WEST LOS ANGELES (KABC) —
At least 15 residents in a West Los Angeles apartment complex were forced out of their homes after asbestos exposure.
The incident happened around 9:48 p.m. in the 1800 block of Prosser Avenue, when authorities determined that 11 of 12 units in the complex were exposed to asbestos. A county hazmat team was sent to the complex and the residents were evacuated.
The residents were decontaminated by Los Angeles Fire Department crews. Officials said no one showed or mentioned signs of illness or injury from the possible exposure.
Residents living in the complex said it all could have been prevented. They said management had been doing some renovations after a tenant moved out and that the contractor doing work did not remove the popcorn ceiling properly, resulting in the health scare.
“Most property owners know that when you’re doing construction you have to do it properly and dispose of it properly. Unfortunately, they just hired whoever. They took it off and disposed of it in our dumpster and exposed us all for the last few weeks to asbestos,” Shannon Streger said.
The hazmat team will determine if the building should be red-tagged. Any vehicles parked in the complex were also taped off and could not be removed.
Residents were provided temporary lodging by the American Red Cross. They thanked the organization for the help and also the city for its prompt response to the situation.
Consider this. You’re the CEO of a small software startup getting ready to launch your first big app. A significant amount of money and time has been invested into the project. The old saying, “You only have one chance to make a first impression” is keeping you up at night. But have you thought about your Indoor Air Quality(IAQ) relative to the project and employee performance? Of course not. But maybe you should.
Optimized IAQ Improves Cognitive Function & Employee Performance
That hypothetical CEO depends on employee performance being at the highest levels. Mistakes are not an option. When those programmers are debugging the new application, they must be focused. Can building conditions such as ventilation rates, temperature, humidity and odors affect workers’ cognitive abilities? You bet it can! And a recent series of studies has found the correlation.
Joseph Allen, along with colleagues from Harvard University, Syracuse University and SUNY Upstate Medical conducted a two-phase study to see if better IAQ can influence employee performance. They studied a worker’s ability to process information, make strategic decisions and respond to crises under different indoor environmental conditions.
“We spend 90 percent of our time indoors, yet we spend almost all of our time thinking about outdoor air pollution,” said Joseph Allen, director of the three-year-old Healthy Buildings program at Harvard University’s Center for Health and the Global Environment, which has studied the benefits of keeping employees in top form. “What we’re doing here is quantifying what people intuitively know. When you’re stuck in a conference room that’s too hot, there’s no ventilation, you don’t perform as well.”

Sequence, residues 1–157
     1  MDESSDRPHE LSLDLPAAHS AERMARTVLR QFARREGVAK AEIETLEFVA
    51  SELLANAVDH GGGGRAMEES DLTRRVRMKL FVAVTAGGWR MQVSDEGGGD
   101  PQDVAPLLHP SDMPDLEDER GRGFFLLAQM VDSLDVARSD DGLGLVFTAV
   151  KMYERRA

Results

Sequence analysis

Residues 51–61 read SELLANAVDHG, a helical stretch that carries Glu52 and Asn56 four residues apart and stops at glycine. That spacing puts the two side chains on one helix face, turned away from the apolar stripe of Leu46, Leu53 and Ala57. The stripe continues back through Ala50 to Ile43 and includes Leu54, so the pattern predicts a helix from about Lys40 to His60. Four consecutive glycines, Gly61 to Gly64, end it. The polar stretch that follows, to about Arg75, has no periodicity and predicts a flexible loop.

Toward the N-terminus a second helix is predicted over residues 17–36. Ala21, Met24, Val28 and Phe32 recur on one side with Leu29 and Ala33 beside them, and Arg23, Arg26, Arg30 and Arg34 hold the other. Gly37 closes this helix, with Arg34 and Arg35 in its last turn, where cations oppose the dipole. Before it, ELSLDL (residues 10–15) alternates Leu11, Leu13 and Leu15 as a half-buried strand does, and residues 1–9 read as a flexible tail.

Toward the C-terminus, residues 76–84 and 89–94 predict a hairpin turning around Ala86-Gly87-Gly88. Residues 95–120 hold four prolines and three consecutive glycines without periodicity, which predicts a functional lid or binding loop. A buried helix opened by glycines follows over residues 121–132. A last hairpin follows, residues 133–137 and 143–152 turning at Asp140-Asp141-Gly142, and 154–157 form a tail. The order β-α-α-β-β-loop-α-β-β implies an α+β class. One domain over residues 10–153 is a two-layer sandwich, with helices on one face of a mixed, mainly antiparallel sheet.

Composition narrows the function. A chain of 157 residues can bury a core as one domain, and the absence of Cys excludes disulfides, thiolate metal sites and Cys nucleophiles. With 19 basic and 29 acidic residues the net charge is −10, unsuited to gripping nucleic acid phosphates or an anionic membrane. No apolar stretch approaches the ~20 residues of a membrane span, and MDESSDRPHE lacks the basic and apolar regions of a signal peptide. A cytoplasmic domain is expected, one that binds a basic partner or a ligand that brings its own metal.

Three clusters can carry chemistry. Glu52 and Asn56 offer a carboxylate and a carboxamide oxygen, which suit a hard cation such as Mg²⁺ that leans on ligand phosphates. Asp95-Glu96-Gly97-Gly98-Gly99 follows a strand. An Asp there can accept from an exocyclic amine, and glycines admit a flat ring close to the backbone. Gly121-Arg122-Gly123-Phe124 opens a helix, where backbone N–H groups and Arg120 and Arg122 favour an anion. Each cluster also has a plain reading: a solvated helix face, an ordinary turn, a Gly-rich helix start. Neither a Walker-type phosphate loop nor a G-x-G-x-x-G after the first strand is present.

Phase one of the double-blind study tested 24 “knowledge workers” (managers, designers, and architects) over a two-week period at the Syracuse Center of Excellence. These workers were required to basically be themselves, performing their normal 9-5 work routine in this highly-controlled environment. Unbeknownst to them, the researchers shifted the IAQ conditions from a minimal accepted standard baseline to an optimized environment. At the end of each day, as the conditions were gradually improved, the subject’s decision making performance was tested using a standardized cognitive function test. The results were encouraging.
The research team found that optimized IAQ led to significantly better performance among all participants. Higher test scores were recorded across nine cognitive functions when ventilation rates were increased (and finally doubled), VOCs (chemical cleaners, dry erase makers, building materials, etc.) were decreased and carbon dioxide was reduced. The most remarkable gains were made how workers plan, stay focused and strategized.
The second phase of the study moved from the lab into the real world. 100 knowledge workers were tested for cognitive function in 10 IAQ tested buildings throughout the U.S. Six of the buildings were “green certified”. The study found that workers in the green buildings scored higher on the range of tests. Along with the improved IAQ factors of ventilation, VOCs, and CO2, workers in environments with comfortable temperature and humidity levels also performed better.